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Annuity option when withdrawal from 401(a) thrift savings plan. Is this a distribution?


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The federal Thrift Savings Plan allows retirees to direct the TSP to purchase an annuity from an insurance company (either the entire or partial balance of the participant) when participant retires.  IRS pub 721 says the participant is not taxed until the annuity payments are paid to the participant.  What IRS section allows the transfer of the purchased annuity from the TSP to the insurance company to be considered a nontaxable event?  Is the annuity considered part of the TSP plan even though the insurance company is now in charge of the payments and issues the tax documents each year?     Most plans require direct transfers or rollovers to remain tax free.  

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17 hours ago, Maryalice said:

What IRS section allows the transfer of the purchased annuity from the TSP to the insurance company to be considered a nontaxable event?

No idea...401 I suppose.

 

17 hours ago, Maryalice said:

Is the annuity considered part of the TSP plan even though the insurance company is now in charge of the payments and issues the tax documents each year?

No.  I'm not familiar with the TSP plan reporting but I can tell you that regular 5500 reporting would show this on Schedule H, Expenses line e (2) To insurance carriers for the provision of benefits.

Ed Snyder

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I once (like 30 years ago) researched the issue for an ERISA-covered DB plan and concluded the source of the rule in that context was an old, c. 1960's or '70's Revenue Ruling.

Luke Bailey

Senior Counsel

Clark Hill PLC

214-651-4572 (O) | LBailey@clarkhill.com

2600 Dallas Parkway Suite 600

Frisco, TX 75034

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  • 5 weeks later...

Maryalice;

The TSP has designated the Metropolitan Life Insurance Company to be its annuity provider.  The initial premium is a tax-free rollover from the TSP to Metropolitan Life.  The annuity is not part of the plan because the same annuity contract is available to all of us.

Of Note:    The rates  used by Metropolitan is substantially less than those used by the Federal Employees Retirement System (FERS) which provides the Defined Benefit component to the FERS-TSP package.  As an example;  the FERS uses a rate of 0.09728 for a 65 year old while Metropolitan Life uses a rate of 0.0624.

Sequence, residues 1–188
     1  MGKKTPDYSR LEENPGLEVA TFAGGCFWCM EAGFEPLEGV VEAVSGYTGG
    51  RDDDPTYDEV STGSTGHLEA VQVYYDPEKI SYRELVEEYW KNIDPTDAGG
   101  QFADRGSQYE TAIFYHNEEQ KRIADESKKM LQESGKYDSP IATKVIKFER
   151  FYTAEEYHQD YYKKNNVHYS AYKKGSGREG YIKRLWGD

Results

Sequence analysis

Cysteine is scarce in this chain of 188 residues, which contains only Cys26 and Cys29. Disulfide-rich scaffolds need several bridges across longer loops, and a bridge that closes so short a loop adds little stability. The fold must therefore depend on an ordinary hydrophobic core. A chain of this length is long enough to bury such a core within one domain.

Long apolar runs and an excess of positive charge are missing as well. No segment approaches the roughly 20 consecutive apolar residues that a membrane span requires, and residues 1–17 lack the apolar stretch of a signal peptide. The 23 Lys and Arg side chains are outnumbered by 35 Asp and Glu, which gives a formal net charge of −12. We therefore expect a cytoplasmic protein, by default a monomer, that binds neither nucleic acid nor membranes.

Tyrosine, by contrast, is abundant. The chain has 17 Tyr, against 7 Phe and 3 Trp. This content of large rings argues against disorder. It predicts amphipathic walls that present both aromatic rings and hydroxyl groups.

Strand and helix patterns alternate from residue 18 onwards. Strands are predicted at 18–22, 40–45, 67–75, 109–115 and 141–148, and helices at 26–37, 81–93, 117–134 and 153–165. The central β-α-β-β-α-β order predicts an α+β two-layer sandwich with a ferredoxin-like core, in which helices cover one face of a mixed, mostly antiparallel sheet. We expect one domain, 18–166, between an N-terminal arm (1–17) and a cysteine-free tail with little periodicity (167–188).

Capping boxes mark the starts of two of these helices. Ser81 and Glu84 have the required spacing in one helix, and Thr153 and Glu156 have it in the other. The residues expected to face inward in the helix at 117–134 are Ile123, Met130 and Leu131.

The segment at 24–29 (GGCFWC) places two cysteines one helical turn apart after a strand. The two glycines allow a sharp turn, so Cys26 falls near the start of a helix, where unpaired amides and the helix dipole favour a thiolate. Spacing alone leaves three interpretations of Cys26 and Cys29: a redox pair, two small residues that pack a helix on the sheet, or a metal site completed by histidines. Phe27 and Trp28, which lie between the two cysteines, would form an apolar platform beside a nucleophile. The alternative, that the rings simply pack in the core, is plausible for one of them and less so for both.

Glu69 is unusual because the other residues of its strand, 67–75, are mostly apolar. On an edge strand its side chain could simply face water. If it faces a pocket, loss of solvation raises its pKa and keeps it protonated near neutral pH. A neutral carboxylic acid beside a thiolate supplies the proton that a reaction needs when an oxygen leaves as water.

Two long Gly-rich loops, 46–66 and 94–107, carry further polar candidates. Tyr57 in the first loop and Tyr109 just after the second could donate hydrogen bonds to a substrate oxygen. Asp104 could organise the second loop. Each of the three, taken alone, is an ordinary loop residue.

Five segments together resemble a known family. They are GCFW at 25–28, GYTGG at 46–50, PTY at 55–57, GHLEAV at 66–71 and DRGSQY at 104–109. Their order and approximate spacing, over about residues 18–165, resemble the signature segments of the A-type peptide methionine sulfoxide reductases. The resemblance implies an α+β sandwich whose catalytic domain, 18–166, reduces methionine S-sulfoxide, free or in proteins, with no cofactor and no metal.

Q.:  Why isn't the FERS the designated annuity provide for the TSP?

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Probably because the FERS plan is self-insured and the Met policy is, by definition, not.  You also probably have administrative loads on the Met policy that are much lower than FERS allows. In short, comparing a retail product to a massive federal program is a fools errand.

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8 hours ago, Mike Preston said:

Probably because the FERS plan is self-insured and the Met policy is, by definition, not.  You also probably have administrative loads on the Met policy that are much lower than FERS allows. In short, comparing a retail product to a massive federal program is a fools errand.

The Annuity Contract Provider for the NYC-TRS 403(b) plan is the TRS;  a DB plan.  It's unfortunate that the TSP does not have the same relationship with its DB component;  the Federal Employees Retirement System. 

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On 2/25/2021 at 6:12 AM, joel said:

The Annuity Contract Provider for the NYC-TRS 403(b) plan is the TRS;  a DB plan.  It's unfortunate that the TSP does not have the same relationship with its DB component;  the Federal Employees Retirement System. 

The State of NJ administers a supplemental 403(b) plan labeled the Supplemental Annuity Collective Trust.  The annuity payout option is offered via the NJ Division of Pensions.  

Again, it is unfortunate that the federal government would have their retiring employees buy a retail priced annuity with its much lower annuity income rates.  Have the unions fell asleep at the wheel?

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